How the #UnacceptableExample Filters Down – California Teacher Credentialing Changes
“Our job is to teach and we have to try to do it in 10 different ways, if that’s what we have to do,” Duncan said. “It’s not extra work — it’s just the job. That understanding has helped me so much.”
On December 13th, California approves tougher teacher training standards to help mainstreaming, was published by Jane Meredith Adams – a senior reporter covering student health at EdSource Today. Reading it, I was struck by the connection between this narrative out of one of our biggest states and the recent speech given by NEA President Lily Eskelsen Garcia that angered so many parents of students with special needs. They both have, at their core, the division of general and special education that is the reason why inclusion still isn’t working as well as it should be despite decades of practice.
The apparent goal of the article was to discuss changes in the teacher training curriculum that the California Commission on Teacher Credentialing believes will benefit students with disabilities. There are a couple of points that I think should be noted.
- The state is responding to pressure from the federal level:
In 2014, the U.S. Department of Education determined the California special education program was in need of federal intervention because of the lack of significant academic progress for students with special needs. In June 2015, the department issued a less dire finding and said that California special education is in need of assistance.
But, the author seems to anticipate that some teachers reading her article might be concerned about the changes. She included a disclaimer from U.S. Secretary of Education Arne Duncan:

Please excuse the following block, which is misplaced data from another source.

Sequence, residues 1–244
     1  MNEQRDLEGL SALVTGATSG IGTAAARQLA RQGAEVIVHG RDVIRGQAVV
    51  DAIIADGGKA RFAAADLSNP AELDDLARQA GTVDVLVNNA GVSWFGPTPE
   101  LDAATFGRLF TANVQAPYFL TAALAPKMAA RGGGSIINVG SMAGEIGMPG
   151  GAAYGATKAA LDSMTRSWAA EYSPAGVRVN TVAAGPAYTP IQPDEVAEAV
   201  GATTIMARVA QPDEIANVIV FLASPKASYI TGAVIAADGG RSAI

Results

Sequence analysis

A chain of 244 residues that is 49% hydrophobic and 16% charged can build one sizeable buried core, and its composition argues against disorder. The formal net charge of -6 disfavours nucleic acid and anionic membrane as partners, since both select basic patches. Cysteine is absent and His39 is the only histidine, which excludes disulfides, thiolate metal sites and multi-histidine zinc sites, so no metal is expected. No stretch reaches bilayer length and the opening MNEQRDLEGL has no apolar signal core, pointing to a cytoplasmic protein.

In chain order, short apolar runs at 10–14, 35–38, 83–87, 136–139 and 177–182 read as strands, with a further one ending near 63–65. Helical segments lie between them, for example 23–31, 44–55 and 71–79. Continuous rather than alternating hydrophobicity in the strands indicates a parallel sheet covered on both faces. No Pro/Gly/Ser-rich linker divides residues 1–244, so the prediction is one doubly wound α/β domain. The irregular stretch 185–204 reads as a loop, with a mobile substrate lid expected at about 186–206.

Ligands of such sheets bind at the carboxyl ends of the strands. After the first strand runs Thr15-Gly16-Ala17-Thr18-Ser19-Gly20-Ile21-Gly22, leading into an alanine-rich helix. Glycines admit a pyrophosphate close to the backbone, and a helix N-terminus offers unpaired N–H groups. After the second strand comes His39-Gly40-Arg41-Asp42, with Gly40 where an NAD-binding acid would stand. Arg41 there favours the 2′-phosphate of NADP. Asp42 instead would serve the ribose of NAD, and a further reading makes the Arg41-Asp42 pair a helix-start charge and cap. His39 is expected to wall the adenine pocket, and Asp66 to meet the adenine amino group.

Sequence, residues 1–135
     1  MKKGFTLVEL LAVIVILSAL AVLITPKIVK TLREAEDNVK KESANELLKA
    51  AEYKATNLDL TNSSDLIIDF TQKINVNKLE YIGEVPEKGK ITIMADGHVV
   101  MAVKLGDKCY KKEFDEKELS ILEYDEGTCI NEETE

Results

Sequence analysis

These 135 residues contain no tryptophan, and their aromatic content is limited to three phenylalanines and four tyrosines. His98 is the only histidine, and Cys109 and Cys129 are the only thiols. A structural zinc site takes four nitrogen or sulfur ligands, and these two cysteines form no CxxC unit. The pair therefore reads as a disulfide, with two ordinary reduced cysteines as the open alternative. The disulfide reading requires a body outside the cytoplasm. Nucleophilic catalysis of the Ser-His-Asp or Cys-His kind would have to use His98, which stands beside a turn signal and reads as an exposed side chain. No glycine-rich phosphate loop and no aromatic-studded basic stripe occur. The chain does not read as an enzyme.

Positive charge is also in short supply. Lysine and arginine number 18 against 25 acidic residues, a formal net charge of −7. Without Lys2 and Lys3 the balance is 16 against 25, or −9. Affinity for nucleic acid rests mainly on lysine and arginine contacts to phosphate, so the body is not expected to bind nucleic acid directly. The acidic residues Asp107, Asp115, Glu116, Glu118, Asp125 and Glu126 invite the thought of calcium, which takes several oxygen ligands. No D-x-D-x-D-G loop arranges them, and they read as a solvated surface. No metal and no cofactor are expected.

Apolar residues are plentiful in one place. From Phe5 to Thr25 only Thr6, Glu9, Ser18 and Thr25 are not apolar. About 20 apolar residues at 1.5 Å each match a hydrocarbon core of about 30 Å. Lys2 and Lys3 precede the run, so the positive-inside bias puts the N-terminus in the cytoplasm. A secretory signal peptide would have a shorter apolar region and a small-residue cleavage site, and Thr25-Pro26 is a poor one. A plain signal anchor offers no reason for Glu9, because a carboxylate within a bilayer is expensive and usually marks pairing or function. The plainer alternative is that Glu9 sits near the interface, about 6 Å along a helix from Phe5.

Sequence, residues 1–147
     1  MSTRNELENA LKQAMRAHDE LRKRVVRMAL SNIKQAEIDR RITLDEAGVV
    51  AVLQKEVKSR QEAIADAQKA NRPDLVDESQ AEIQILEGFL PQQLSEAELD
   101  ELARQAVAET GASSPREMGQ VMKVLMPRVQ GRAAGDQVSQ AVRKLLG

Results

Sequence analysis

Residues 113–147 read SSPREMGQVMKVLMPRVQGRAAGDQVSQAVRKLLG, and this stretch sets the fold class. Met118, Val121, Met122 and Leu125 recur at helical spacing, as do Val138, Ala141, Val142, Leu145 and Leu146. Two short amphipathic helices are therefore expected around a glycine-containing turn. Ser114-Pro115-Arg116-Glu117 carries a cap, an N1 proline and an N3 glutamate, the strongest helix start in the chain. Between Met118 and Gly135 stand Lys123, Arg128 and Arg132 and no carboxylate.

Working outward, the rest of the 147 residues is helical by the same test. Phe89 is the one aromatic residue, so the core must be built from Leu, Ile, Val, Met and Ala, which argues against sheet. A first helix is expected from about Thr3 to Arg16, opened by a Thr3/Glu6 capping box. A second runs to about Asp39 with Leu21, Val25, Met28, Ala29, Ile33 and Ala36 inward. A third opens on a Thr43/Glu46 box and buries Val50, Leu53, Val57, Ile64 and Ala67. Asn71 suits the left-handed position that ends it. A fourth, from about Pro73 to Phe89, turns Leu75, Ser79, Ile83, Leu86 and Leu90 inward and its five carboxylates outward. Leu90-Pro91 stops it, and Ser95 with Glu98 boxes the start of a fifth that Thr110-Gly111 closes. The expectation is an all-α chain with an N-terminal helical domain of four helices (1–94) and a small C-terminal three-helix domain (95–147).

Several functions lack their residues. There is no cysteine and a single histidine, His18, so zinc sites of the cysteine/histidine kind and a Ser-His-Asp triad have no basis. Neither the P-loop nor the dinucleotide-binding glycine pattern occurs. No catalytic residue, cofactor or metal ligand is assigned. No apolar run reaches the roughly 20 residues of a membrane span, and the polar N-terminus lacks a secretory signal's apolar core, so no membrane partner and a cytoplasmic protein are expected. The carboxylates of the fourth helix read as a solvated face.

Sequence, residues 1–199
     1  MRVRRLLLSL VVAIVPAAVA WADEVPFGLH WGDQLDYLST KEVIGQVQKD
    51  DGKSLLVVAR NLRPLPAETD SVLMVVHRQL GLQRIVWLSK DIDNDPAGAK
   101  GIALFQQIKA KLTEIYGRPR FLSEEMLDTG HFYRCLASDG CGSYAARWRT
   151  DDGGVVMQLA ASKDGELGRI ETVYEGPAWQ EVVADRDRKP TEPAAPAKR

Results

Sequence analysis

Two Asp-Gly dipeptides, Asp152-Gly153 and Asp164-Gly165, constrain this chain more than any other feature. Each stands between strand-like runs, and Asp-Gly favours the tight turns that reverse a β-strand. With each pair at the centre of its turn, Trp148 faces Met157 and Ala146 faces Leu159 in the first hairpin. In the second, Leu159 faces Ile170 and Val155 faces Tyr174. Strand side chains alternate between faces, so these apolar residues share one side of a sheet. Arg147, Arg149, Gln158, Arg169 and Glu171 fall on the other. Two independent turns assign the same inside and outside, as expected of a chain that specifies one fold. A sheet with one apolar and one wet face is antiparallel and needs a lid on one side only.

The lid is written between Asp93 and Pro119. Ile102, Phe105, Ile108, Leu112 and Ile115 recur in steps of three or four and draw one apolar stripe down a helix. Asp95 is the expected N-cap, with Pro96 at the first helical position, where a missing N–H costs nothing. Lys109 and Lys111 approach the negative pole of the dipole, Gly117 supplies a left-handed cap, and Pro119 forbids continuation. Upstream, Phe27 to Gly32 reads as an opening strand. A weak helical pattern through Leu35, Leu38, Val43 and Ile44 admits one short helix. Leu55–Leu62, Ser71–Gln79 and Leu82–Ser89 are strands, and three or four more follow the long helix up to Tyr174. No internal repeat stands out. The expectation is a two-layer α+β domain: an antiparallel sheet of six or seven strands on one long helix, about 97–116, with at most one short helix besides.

“I want to stress that the vast majority of students with disabilities do not have significant cognitive disabilities,”
So my synopsis after reading this part of the article: the feds say there is going to be “stricter accountability for academic improvement for students with disabilities” but don’t worry, the majority of them are the easy ones, not the *really disabled* ones.
- The changes were met with opposition:
But the idea of teachers teaching all students has caused a commotion among those who attended any of the eight meetings held by the commission in the past six months to vet ideas about how to train special education and general education teachers to work together.
Apparently, one of the proposals considered was to do the right thing.
Model 3 was described as “there is no special education credential,” except for highly specialized credentials for specialists who work with students who are deaf or hard of hearing, visually impaired or enrolled in early childhood special education.
Model 3 also stated that “all elementary teachers are prepared to teach students with and without disabilities and may teach students with disabilities in secondary schools.”
This, of course, was not popular, even though the idea of dual credentials in both general and special education is not new. A few teacher training programs do it already, and one such teacher is quoted in the article: